January/February 2009 Issue
Connecting People With a Drug-Free Future
Toys and strollers line a small room. Delores holds her newborn son, Lamar, rocking him and gently tapping his bottom as she quietly recalls her addiction to drugs and alcohol. “It started when I was 16, when my grandfather died and then my mother died,” she says. “My father used. He was on everything. He wasn’t in my life, so I just went from place to place.”
Delores is clean for the first time in 13 years while she stays at the residential Family Treatment Center (FTC), run by FamilyLinks in Pittsburgh.
The FTC provides Delores and other women who are recovering from addiction with a structured therapeutic milieu, including parenting classes, group meetings, and workshops on HIV/AIDS and risk management.
Kimberly, who has been diagnosed with bipolar disorder, has stayed at the FTC since August and now speaks with great excitement about the hope she holds for her and her family. Her addiction to drugs started after a bad split with her boyfriend of many years. Her depression and slide into drug use drove Kimberly from her children and led to her incarceration after stealing from her daughter. “I was walking in death,” says Kimberly. Today, she talks to her daughter often.
The center provides Kimberly with daily tasks to structure her life. A copy of the Koran that she reads daily lies on her bed, as the exploration of spirituality and faith is encouraged by the agency.
FamilyLinks assists families on a residential and outpatient basis. Those who are served have co-occurring disorders of mental illness and alcohol and other drug addiction. “We serve as a ‘whole family system,’” says De’netta Benjamin, MSW, senior program manager of the alcohol and other drug addiction program.
The integrated care system at FamilyLinks was created with the merger of The Whale’s Tale and the Parent & Child Guidance Center in 2001. It merged two cultures, according to Benjamin. The Whale’s Tale focused on child behavioral health, while the Parent & Child Guidance Center was therapy based. The combination brought the care for the families who experience alcohol and other drug addiction and mental illness under one roof.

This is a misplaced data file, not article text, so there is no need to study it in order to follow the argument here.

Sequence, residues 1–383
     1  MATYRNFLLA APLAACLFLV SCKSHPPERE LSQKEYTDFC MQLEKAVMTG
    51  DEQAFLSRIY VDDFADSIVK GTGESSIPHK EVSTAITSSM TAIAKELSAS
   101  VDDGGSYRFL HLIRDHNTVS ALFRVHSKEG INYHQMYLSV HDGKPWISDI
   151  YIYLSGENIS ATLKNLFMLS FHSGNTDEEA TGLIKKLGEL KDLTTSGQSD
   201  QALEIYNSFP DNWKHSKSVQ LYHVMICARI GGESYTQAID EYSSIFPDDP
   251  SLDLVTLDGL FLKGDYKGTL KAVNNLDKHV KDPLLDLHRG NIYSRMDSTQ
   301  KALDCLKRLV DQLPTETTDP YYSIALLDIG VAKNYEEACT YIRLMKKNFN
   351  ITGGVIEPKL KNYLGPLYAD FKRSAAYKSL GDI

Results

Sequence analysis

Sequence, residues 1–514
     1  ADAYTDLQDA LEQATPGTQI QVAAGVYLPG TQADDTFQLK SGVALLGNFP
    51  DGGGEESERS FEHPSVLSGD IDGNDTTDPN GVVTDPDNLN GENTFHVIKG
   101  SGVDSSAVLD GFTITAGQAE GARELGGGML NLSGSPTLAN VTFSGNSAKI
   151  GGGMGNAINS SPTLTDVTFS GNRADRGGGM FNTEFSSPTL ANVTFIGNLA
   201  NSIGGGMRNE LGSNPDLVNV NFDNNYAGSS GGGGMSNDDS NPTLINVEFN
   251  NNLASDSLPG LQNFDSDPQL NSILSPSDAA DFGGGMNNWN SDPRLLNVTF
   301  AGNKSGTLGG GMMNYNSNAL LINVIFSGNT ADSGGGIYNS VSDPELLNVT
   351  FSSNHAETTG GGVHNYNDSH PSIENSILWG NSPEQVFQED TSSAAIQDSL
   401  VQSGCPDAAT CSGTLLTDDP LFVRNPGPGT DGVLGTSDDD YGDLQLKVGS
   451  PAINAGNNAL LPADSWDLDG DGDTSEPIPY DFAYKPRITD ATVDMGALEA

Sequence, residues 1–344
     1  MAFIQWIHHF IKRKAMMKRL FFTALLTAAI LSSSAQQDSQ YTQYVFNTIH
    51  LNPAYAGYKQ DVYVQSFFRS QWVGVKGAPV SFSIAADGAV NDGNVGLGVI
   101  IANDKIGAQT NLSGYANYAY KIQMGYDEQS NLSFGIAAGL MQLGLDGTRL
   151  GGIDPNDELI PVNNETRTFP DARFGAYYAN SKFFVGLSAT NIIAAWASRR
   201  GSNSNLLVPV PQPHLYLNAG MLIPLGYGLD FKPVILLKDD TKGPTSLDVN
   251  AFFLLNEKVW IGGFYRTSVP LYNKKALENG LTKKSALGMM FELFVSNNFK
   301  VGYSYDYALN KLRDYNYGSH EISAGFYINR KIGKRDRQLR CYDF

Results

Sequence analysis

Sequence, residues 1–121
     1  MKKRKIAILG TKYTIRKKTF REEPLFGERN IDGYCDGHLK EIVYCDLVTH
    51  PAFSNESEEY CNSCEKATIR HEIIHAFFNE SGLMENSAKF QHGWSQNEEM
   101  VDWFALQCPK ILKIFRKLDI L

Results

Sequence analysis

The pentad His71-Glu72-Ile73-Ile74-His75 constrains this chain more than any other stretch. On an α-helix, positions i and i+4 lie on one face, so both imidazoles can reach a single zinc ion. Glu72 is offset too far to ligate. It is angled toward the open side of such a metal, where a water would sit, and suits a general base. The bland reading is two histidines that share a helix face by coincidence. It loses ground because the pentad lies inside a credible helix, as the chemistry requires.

Kimberly and Delores will soon move on from the residential FTC to FamilyLinks’ Community Support Center (CSC). At the CSC, they will continue to set goals for the next phase of their individual treatment plans. The linkage of care from the FTC to the CSC gives clients a base of help when problems arise.
For clients, starting life over clean is a difficult step forward. Like nicotine addiction, the most common and lethal form of addiction in the United States, a person may need to quit many times before they are successful. Laura Bartolomucci-James, MA, a therapist with FamilyLinks, notes that the challenges clients face stepping back onto the streets are big. “I have been here a year and have had two successful discharges,” she says. “That’s just the nature of the beast.”
Once per month, the CSC day treatment therapy group commemorates the accomplishments or successes the members achieved during the previous month. A cake sits on the table waiting to be sliced and eaten.
“Today, I am celebrating seven months clean,” Von tells the group. “Tonight, I will see my son.”
The reasons for celebrating can be emotional triumphs such as reunification or something simpler that people normally take for granted, such as having a permanent address or paying an electric bill.
The struggle with addiction continues, but the program provides the women with the opportunity for a drug-free future.
“You can’t make up the past,” explains Nicole Amond, BSW, CAC, CCDP, the CSC’s program manager. Amond leads the group discussion, emphasizing the challenges each member faces but also the rewards. “Every day you succeed, your actions provide an example for the future,” says Amond.
The group offers words of encouragement to each other, especially when they feel the danger of addiction. “Every time I get a craving, I hit the knees [to pray],” says Tamara. She recalls her past as motivation to stay clean and working. “Back in jail, I would be boo-hooing, making deals with God, telling him lies.”
Beating drug addiction is demanding work for both staff workers and their clients. “This is a life-and-death situation,” says Von. “I’m fighting for my life. Today, I choose to live.”
The support the agency provides acts as a lifeline for new mothers such as Delores or the members of the day treatment group who lead each other out of the darkness and hopelessness of the streets. Simple acts such as enrolling in a program and waking up each morning to report to the day treatment facility become life affirming.
— Neal A. Newfield, PhD, ACSW, is an associate professor of social work and a documentary photographer with the division of social work at West Virginia University.
— Andrew Barnes, MS, is a graduate student in journalism at the West Virginia University Perley Isaac Reed School of Journalism.